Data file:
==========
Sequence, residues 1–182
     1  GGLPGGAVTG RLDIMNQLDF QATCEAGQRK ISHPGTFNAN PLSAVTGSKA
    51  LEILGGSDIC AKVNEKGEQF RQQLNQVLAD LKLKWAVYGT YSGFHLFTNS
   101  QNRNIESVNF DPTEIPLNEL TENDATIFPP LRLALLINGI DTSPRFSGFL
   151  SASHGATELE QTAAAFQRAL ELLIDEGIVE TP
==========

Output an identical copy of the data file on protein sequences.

Sequence, residues 1–182
     1  GGLPGGAVTG RLDIMNQLDF QATCEAGQRK ISHPGTFNAN PLSAVTGSKA
    51  LEILGGSDIC AKVNEKGEQF RQQLNQVLAD LKLKWAVYGT YSGFHLFTNS
   101  QNRNIESVNF DPTEIPLNEL TENDATIFPP LRLALLINGI DTSPRFSGFL
   151  SASHGATELE QTAAAFQRAL ELLIDEGIVE TP